Steps to Avoid Your Demat Account from Becoming Dormant
Up until a while ago, buying and selling equity shares directly was a hectic task. In a time where there was an absence of electronic trading platforms, buyers and sellers were given share certificates in physical form and were responsible for the preservation and safe-keeping of said certificates as proof of their buyer’s ownership of the shares. The responsibility of managing these share certificates was an inconvenient addition to the responsibility of managing the shares and share portfolio. As electronic trading platforms replaced the traditional system, holding share certificates in their physical form became optional and obsolete in some cases. This was the result of the process of dematerializing shares and the inclusion of the Demat account.
The Demat account was introduced to the Indian trading systems in 1996 and with its arrival, investors had to ensure that their physical certificates were converted to an electronic format and were being held in their Demat account. However for long not many people were clear as to what is demat account. To put it simply, the Demat account is used to enable electronic settlements of all transactions and trades. The function of the account is similar to that of a bank account, in that a bank account holds your money, whereas a Demat account acts as a holding account for your securities. It is not to be confused with a Trading account, as they share different purposes and you will need a Trading account for all your transactions along with your Demat account.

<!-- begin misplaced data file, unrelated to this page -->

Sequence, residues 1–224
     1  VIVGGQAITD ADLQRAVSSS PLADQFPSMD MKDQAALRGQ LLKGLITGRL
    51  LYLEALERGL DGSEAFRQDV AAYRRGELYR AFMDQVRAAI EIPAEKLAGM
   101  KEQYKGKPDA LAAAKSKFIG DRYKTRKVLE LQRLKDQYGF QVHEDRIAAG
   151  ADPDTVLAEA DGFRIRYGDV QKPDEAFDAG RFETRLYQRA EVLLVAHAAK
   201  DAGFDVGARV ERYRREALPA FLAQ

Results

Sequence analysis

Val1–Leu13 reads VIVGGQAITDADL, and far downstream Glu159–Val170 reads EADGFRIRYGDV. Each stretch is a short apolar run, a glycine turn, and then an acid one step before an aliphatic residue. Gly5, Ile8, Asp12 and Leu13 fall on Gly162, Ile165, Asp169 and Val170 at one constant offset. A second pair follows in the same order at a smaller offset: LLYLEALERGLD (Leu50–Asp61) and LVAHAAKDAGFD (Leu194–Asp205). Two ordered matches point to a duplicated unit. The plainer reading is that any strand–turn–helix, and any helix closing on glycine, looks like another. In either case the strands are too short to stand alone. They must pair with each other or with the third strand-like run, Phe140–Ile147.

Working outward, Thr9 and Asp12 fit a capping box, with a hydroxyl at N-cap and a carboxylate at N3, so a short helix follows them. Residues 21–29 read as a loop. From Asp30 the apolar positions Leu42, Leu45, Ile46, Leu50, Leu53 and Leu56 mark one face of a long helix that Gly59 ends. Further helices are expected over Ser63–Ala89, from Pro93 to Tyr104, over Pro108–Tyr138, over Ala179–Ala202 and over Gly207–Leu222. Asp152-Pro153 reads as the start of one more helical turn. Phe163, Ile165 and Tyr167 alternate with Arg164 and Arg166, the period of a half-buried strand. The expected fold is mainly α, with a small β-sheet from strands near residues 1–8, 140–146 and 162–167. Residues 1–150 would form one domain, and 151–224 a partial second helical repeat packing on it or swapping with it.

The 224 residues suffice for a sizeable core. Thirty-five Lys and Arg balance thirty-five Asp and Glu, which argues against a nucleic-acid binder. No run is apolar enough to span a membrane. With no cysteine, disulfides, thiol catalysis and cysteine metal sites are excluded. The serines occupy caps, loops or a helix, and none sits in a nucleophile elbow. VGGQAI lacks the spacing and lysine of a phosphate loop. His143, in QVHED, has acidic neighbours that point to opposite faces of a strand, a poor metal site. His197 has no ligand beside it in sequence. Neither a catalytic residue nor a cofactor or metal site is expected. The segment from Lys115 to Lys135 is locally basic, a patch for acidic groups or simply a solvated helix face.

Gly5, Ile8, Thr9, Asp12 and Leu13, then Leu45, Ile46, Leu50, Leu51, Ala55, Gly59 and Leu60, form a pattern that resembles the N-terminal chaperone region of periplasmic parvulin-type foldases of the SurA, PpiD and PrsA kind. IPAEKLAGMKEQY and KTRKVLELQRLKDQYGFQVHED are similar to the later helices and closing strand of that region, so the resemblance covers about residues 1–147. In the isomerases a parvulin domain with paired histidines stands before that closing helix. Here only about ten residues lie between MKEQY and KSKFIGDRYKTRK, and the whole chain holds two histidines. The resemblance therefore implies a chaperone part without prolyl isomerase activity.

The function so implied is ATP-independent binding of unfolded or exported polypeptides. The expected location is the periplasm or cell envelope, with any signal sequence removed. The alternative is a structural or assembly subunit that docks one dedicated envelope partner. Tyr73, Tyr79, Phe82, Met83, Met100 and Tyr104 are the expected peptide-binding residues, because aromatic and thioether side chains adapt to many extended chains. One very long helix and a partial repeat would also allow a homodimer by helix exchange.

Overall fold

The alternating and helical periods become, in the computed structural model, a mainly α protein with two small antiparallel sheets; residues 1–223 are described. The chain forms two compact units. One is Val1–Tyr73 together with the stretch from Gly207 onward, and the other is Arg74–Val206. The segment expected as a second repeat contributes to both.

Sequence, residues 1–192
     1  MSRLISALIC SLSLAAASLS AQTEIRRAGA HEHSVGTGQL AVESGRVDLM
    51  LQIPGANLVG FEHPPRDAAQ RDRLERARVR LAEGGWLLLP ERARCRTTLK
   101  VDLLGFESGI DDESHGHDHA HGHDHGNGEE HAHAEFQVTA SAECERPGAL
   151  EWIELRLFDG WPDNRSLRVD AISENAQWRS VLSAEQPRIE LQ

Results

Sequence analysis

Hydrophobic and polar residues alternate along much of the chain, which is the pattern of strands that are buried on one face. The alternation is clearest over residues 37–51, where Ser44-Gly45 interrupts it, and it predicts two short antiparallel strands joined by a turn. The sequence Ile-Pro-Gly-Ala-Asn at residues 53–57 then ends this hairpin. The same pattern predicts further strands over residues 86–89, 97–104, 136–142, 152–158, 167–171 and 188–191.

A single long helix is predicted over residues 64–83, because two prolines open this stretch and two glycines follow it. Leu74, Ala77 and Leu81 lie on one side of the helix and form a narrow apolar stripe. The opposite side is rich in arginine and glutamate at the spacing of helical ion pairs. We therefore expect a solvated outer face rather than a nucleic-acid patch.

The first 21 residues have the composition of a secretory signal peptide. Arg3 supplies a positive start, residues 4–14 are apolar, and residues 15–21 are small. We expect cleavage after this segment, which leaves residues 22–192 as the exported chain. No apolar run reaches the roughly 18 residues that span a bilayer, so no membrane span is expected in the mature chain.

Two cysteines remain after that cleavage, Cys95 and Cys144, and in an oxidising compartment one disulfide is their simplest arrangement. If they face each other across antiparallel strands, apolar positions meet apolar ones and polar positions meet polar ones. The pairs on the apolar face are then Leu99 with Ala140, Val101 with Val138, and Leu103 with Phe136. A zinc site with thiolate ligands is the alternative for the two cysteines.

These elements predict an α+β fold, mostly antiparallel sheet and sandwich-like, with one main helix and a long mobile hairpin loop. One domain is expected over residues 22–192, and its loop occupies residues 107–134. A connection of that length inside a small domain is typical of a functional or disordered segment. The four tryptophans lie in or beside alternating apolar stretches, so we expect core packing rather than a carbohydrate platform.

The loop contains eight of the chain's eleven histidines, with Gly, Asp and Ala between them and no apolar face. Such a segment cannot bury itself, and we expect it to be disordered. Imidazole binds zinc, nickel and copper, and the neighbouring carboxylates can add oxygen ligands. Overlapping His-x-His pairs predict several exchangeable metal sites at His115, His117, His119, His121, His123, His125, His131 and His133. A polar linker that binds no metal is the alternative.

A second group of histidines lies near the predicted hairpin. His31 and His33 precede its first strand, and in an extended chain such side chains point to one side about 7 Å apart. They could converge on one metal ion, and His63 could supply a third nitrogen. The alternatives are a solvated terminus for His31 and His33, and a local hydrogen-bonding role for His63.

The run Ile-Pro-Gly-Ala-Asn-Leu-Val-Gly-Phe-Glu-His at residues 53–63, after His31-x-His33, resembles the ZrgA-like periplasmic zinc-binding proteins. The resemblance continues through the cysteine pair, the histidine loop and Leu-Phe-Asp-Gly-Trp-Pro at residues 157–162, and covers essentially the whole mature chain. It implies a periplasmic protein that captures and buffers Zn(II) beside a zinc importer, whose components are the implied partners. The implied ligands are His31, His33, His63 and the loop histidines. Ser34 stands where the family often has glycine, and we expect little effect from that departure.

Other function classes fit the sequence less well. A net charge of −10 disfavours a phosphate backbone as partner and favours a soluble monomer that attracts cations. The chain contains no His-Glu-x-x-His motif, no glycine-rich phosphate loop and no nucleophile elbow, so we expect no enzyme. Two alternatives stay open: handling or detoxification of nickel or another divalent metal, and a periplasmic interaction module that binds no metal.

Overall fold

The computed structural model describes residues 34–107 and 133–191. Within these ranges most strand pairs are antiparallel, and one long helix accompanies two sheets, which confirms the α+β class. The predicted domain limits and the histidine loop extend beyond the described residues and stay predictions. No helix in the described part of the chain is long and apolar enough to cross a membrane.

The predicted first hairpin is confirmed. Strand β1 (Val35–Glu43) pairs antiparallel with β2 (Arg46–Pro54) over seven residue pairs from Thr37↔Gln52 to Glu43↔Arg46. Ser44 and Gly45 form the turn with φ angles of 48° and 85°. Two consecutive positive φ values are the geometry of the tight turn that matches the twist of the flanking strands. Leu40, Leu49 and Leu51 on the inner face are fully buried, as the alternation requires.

It is common for people to open online Demat accounts, given its convenient and easy-to-use nature. However, it is equally common for people to forget to regularly check on their accounts once they have opened them. This is usually happens when the accounts are opened by people who:
- Want to sell old shares that have been held in their physical form for a long time.
- Want to apply for Initial Public Offerings (IPOs)
What Happens When a Demat Account has Not Been Used for a Long Time?
When a Demat account is left unused for a long time, it is first termed as inactive by the Depository Participant (DP) before it is declared dormant. There is not fixed rule on how long an account can remain inactive before it is classified as dormant. It depends on the agreement between the account holder as the client and the DP (your bank or broker). The usual point of determination is the way the maintenance fees are charged. In that, if the fee is charged as one-time or life-time fee, the account may be allowed to remain inactive for an extended period of time without being declared dormant. However, if the fee is charged as an annual maintenance fee, the account can be declared dormant in as soon as a year.